What has been called the “corporeal turn” in recent Jewish studies is provoking anxiety. If “Judaism’s mind has been more interesting and more influential than Judaism’s body,” a distinction worthy of study in its own right, critics are calling for “a swing back to its more traditional mooring in the text (which, in any case, has often dealt with the body).” But those who took the corporeal turn never left the text behind. Rather, they brought a concern with the body to the text and found new ways to read and think about those texts. What troubles the critics would seem to lie elsewhere. Reviewing several books published in the 1990s, Hillel Halkin characterized the trend as “feminizing Jewish Studies,” which he did not intend as a compliment (Halkin 1998; for an alternative perspective, see Bunzl 2000). The problem was not that their authors ignored the text.1 Rather, it was the way they read the texts; their approach was marked, in his view, by “postmodern thinking,” skepticism, a “non-to anti-Zionist” stance, an affirmation of “Diaspora Jewish identity,” and above all an open embrace of feminism and feminist theory (and, though he does not say so in so many words, a preoccupation with sexuality and homosexuality). NonOrthodox Jewish America is, in his view, suffering from deep confusion, exacerbated (if not caused) by the “sexual revolution,” and this kind of work just makes things worse. A firestorm ensued, fueled a few months later by Gabriel Schoenfeld’s wholesale condemnation of “the voguish hybrid known as gender studies” in Holocaust scholarship (Schoenfeld 1998: 44). Claiming that this trend “does not yet have a name,” Halkin called it “the new Jewish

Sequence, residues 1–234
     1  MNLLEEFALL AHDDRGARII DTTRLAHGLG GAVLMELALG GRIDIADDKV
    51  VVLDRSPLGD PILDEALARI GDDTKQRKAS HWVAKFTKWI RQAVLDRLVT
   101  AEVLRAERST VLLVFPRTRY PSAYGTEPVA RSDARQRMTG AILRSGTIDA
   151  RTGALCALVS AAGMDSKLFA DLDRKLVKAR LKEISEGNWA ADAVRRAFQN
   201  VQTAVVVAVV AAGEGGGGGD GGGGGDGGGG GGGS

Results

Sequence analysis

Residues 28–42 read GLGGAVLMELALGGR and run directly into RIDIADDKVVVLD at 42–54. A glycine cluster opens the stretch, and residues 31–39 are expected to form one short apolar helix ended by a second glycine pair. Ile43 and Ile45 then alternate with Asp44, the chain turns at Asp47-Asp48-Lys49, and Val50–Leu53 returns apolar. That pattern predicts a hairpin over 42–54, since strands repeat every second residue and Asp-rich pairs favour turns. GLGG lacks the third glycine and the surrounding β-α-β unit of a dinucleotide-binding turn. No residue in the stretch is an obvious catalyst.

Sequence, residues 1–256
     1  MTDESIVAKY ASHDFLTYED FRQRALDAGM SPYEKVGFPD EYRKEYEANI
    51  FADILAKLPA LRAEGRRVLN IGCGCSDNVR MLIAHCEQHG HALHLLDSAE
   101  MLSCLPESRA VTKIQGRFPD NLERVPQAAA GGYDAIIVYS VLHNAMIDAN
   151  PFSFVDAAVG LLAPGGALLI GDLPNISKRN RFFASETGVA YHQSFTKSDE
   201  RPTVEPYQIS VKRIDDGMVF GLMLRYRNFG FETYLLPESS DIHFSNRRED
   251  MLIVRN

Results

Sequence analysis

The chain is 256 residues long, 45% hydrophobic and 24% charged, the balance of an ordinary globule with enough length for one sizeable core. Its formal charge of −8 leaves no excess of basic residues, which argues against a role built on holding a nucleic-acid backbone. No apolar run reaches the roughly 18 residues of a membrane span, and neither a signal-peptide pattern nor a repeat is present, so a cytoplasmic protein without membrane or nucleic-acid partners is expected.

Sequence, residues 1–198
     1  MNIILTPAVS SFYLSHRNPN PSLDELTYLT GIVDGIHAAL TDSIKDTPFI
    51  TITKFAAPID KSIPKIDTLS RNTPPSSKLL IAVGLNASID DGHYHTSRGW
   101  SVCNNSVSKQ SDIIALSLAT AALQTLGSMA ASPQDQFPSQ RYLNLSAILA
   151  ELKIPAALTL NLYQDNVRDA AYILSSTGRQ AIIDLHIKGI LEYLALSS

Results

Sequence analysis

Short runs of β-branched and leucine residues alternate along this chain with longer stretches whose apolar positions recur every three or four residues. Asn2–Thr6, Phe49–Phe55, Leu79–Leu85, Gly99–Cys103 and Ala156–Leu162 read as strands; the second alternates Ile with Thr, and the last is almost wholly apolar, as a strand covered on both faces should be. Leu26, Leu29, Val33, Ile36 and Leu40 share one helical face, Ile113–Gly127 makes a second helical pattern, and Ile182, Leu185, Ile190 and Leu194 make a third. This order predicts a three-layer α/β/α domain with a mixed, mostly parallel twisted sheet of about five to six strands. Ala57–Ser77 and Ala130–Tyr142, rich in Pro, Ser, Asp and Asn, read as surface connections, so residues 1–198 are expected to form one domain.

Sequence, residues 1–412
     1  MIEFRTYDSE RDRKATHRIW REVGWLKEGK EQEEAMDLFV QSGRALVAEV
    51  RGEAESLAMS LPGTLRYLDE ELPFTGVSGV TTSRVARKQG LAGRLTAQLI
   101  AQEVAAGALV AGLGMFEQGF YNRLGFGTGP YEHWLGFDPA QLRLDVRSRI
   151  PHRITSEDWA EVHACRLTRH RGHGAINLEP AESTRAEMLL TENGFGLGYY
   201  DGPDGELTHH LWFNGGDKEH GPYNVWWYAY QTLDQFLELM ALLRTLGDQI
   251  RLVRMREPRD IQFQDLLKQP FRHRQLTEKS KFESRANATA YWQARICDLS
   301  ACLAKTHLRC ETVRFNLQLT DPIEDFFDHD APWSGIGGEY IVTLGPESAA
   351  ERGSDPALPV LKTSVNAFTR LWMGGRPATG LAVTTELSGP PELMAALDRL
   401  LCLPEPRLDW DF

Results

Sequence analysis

scholarship.” A year earlier, Jonathan Boyarin and Daniel Boyarin had announced “the new Jewish cultural studies,” and a year later The Chronicle of Higher Education published its own assessment of “the new Jewish studies”(Boyarin and Boyarin 1997; Heller 1999). In an endorsement for the Boyarins’ book, Eric Santner defined the new Jewish cultural studies as work that brings “to bear recent innovations in the study of gender and sexuality on readings of canonical Jewish texts.”2 While this may represent a corporeal turn in Jewish textual studies, it does not represent the full potential for a corporeal turn in Jewish studies more broadly conceived, a topic to which I will return. What is new in “the new Jewish cultural studies” is not only the concern with gender and sexuality (corporeality is not to be limited to these important topics in any case) but also the cultural turn in literary studies and the emergence of cultural studies.3 Text has not gone away. Rather, the corporeal turn has intensified interest in text and offered new ways to think about text as a social, corporeal, and material practice (Biddick 1996; Biddick 2003; Kirshenblatt-Gimblett 1982).